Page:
Public cloud providers are surveying the market and partnering with companies, like OCF, for their pedigree in providing solutions to the UK Research Computing community. In order to help Universities take advantage of their products by integrating them with the existing infrastructure such as HPC clusters.

This leads us to the real argument for the public cloud… you no longer have to build a system big enough for your largest workload. Black Friday is a good example, you don’t want to have to build a server farm big enough for Black Friday. You build a server farm big enough for your ‘normal Wednesday’ and burst out to the public cloud to deal with the additional workload. If there is no such thing as a ‘normal Wednesday’ for your organization (such as a consultancy with a very peaky workload) it makes even more sense for the whole workload to be in the cloud, so that you only pay for what you consume rather than having too much or worse too little compute available to you.

Bursting HPC platforms

Typically, HPC services or systems are bought from research council funding and the best HPC system is bought at the time. But, eighteen months later, its utilization is close to 100 per cent and the compute capabilities ageing with no more money available for a new system. But all is not lost, as it is becoming cost effective for research computing departments at universities to access cutting-edge technologies or burst beyond their current capacity by leveraging the public cloud.

A university can extend the life of its cluster and be given the ability to offer newer technologies and services through its cluster by bursting out to the public cloud. At the time of purchase of its new HPC system, a university might have bought the latest GPUs at the time of release, but eighteen months later, NVIDIA has released a better performing GPU which can’t be purchased due to lack of additional funding. Hardware manufacturers are recognizing this advantage and bolstering it by releasing new hardware to public cloud providers before the rest of the industry – for example, NVIDIA released their latest Volta GPUs and they were available to use in the public cloud before they could be bought! By bursting into the public cloud, the university can offer the latest and greatest technologies as part of its Research Computing Service for all its researchers.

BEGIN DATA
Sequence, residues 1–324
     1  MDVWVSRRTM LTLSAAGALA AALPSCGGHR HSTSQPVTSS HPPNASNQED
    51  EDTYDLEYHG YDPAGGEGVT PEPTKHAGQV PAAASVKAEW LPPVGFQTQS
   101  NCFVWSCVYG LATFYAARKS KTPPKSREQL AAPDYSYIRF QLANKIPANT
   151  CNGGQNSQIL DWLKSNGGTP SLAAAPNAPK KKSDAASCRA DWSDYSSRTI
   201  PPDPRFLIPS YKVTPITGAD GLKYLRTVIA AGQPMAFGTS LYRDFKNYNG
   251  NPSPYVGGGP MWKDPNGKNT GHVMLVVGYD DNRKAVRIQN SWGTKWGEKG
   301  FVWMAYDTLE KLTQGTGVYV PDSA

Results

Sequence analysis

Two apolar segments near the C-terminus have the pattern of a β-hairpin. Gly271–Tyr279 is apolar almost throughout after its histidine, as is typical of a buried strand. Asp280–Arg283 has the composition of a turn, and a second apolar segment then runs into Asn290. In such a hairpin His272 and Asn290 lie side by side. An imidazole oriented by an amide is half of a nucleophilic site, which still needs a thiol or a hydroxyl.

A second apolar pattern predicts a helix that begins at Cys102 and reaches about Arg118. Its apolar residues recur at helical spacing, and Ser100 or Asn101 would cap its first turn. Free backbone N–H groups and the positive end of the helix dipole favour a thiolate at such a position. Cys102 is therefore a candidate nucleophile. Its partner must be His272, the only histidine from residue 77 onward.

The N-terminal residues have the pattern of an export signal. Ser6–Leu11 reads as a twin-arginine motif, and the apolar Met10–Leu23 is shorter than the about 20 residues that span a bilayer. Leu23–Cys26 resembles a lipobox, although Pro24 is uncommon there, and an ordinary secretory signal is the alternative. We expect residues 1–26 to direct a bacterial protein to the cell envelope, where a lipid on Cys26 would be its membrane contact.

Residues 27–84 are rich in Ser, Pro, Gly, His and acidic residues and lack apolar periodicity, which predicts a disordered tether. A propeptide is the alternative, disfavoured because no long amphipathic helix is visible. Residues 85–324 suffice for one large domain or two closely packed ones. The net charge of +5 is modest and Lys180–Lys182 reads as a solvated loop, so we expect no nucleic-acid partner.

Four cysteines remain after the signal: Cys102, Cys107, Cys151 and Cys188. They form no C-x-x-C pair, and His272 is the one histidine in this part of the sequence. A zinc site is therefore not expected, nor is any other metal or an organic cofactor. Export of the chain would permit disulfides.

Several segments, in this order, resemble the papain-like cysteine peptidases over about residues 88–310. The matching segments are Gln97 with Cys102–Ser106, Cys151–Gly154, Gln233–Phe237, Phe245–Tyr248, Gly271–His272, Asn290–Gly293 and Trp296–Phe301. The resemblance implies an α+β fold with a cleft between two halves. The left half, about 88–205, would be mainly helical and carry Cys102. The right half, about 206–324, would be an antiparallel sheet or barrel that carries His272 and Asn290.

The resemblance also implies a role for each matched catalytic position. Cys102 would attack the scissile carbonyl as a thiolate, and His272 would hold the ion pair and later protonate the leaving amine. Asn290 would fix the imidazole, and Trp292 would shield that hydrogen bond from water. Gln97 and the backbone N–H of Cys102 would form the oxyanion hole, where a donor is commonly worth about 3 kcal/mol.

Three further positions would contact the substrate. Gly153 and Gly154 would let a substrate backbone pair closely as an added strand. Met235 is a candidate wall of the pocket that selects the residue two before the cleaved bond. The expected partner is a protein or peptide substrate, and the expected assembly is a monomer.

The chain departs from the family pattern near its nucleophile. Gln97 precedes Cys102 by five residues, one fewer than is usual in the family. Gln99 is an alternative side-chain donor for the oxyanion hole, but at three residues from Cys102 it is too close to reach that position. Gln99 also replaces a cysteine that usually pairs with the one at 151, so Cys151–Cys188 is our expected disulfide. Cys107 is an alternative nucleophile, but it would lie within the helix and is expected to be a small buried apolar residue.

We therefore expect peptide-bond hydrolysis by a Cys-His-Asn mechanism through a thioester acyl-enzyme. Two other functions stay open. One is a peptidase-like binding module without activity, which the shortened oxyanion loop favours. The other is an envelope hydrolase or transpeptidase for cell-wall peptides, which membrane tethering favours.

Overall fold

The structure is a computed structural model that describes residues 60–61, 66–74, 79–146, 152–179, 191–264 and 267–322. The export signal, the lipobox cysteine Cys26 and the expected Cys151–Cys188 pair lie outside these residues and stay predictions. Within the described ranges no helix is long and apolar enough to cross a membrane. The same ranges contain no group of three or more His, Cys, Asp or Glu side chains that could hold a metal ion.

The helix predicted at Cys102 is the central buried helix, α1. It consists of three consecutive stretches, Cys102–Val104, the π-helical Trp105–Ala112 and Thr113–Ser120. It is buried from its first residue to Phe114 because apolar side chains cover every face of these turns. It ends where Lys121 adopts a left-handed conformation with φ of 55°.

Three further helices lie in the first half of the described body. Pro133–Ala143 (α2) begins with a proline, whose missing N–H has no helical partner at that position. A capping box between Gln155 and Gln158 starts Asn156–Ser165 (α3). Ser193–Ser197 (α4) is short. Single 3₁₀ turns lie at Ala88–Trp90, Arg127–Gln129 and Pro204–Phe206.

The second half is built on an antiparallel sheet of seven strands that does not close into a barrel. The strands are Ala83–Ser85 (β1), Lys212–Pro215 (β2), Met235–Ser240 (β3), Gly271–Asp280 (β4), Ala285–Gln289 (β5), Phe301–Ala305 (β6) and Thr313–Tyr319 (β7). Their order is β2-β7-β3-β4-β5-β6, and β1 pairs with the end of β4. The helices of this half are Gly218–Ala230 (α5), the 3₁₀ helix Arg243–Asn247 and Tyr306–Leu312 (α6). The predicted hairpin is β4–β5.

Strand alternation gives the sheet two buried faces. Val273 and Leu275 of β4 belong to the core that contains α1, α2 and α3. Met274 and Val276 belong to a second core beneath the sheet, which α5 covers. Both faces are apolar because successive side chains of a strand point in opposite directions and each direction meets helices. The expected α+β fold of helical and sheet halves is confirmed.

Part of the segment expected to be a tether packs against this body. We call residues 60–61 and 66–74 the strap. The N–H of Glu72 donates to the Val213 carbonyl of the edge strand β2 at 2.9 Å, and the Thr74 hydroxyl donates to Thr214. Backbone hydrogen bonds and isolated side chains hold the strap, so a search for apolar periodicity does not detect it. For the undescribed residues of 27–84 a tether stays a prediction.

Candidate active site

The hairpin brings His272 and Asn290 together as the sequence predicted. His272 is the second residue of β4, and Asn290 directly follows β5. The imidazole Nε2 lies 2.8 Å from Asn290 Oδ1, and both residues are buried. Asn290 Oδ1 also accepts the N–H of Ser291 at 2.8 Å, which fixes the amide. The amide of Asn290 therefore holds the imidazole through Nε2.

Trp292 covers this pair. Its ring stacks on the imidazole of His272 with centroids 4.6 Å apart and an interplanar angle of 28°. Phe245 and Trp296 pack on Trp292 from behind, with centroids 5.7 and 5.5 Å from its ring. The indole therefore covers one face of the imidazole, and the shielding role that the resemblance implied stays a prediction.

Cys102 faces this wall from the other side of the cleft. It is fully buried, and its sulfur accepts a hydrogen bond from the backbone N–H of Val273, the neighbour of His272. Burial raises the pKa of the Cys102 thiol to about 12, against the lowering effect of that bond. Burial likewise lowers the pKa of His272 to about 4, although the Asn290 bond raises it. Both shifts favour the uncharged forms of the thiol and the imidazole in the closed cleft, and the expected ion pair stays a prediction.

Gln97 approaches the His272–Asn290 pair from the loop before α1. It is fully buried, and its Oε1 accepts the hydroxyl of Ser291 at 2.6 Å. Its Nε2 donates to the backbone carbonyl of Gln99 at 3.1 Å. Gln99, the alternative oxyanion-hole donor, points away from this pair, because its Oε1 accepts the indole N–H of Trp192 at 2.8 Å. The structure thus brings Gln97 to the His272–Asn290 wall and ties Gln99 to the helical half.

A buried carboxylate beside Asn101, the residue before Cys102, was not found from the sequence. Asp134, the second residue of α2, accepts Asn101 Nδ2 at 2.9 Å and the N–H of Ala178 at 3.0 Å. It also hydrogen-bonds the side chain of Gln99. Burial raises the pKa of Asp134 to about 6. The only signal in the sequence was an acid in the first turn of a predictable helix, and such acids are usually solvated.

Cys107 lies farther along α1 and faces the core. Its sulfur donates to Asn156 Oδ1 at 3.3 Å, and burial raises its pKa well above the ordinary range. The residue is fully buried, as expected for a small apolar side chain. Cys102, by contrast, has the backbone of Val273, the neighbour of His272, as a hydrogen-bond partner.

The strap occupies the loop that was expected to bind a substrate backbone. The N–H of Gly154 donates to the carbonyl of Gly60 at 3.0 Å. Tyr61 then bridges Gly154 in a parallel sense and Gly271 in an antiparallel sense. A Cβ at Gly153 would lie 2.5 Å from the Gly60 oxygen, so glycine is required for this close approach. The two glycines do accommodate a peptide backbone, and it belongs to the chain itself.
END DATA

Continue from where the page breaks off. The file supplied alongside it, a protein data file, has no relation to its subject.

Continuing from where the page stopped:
HPC specialist integrators, like OCF, can help the Research Computing team make this a process which is transparent to their users, with the design of a research computing platform with a single point of entry for users. This involves researchers to be able to use the on-premises cluster and that cluster can burst out to the public cloud for additional resources or when priority jobs are required. Also, through that single point of entry, researchers can take up the non-HPC aspects of the cloud, like Hadoop clusters or running AI workloads without needing the Research Computing team to install a whole new set of software or hardware!

Another key consideration is how to manage the billing aspect of bursting into the cloud, which could become very expensive if not monitored closely. There are specific toolsets that have been designed to help with billing control and they are continuing to be developed to meet the needs of universities.

People power

Systems’ administrators who would have run the university’s HPC service previously now have the ability to provide a complete Research Computing Platform and can have greater visibility of all their researchers’ needs, so they can continuously enhance the design of the research computing service, helping the researchers carry out even better work. This kind of service is very attractive for universities and removes the need for researchers to become ‘pseudo-IT systems administrators’ who need to learn how to run a server under their desk and can focus instead entirely on their research.

There is a noticeable increase in awareness of the benefits of public cloud bursting by universities, particularly in Research Computing. Whilst no-one is replacing their on-premises HPC system with the public cloud yet, it is recognized that bursting into the public cloud is incredibly useful for the provision of the latest technologies or extra capacity and expertise for researchers.

As part of their 10-20 year roadmaps, there are some universities who are considering whether they will be buying an on-premises cluster in 10 years’ time and may consider alternatively purchasing a public cloud version of an HPC cluster. There will need to be a culture shift in universities and funding for HPC in the cloud to be fully accepted and most importantly the costs in using the public cloud will need to be driven down further for wider adoption, but the trends are pointing to it not being too far off.

This story appears here as part of a cross-publishing agreement with Scientific Computing World.

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  1. Please, please, please stop using the term “public” to refer to commercial cloud offerings. The proper and only adequately accurate and descriptive term in these discussions is “commercial cloud” as there is no such thing, expecting possibly the European Open Science Cloud, existing or on the horizon that can be properly desribed as a public cloud resource. I more or less stop reading opinioons on this well-dicussed topic when I see the term “public cloud” being used in this setting.